The Deutschherrenhof: Important late Gothic secular building of the Moselle valley
The vast possessions of the Teutonic Order in Rachtig and Zeltingen trace back to an endowment of Count Henry of Sayn, whose widow Mechthild transferred numerous estates and vineyards to the order in 1247. The Deutschherrenhof was first testified in 1254. After several acquisitions in the 15th century, the Teutonic Knights became the most influential land owners of the region. It was supposedly already in the 14th century that the Deutschherrenhof gained today’s basic shape. It was managed by an official of the royal court and served as a regional commercial and administrative settlement, too. The two-storied, four-winged ashlar building centres the estate, which is valued as one of the best examples of late Gothic secular buildings on the Moselle. In 1737, it was remodeled in baroque style and concurrently enlarged by the north and east wings. The south wing facing the Moselle as well as the west wing largely trace back to the 14th century. The windows of the west wing are crowned by late Gothic trefoil arches. Between west and south wing, a hexagonally projecting, three storied tower was erected. Next to it, there is a round arched passage to the inner courtyard. The east wing used to display a pedimented gateway, which dates back to the 18th century and formerly faced the inner courtyard. The north wing, which was originally set up as an attachment to the barn, was destroyed in 1945. In the cause of secularization processes, the “Deutschherrenhof” was declared national property by the French and auctioned in 1809.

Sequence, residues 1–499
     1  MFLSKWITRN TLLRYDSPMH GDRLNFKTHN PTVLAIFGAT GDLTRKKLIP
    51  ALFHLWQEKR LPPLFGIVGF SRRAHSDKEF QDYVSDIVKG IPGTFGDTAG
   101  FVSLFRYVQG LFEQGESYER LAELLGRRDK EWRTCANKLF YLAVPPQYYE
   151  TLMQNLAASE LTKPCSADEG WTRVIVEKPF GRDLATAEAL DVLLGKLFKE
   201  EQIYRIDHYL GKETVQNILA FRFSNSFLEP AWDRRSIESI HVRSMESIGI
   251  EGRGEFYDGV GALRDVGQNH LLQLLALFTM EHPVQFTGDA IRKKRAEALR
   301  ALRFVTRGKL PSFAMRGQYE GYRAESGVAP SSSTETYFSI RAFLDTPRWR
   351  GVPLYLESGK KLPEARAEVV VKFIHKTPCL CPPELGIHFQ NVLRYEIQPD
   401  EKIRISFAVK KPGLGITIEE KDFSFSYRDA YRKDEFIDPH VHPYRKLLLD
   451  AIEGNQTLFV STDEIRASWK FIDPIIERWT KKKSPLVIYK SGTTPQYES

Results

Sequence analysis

The blazon above the arch, dating back to 1737, was presumably removed for that auction. Thereafter, the owners changed quite frequently. Temporarily, the estate was divided among four different owners. In 1957, the south wing was purchased by Peter Schmitz, who was the first to renovate the building in 1965. The Deutschherrenhof has served as a hotel and wine estate since 1981.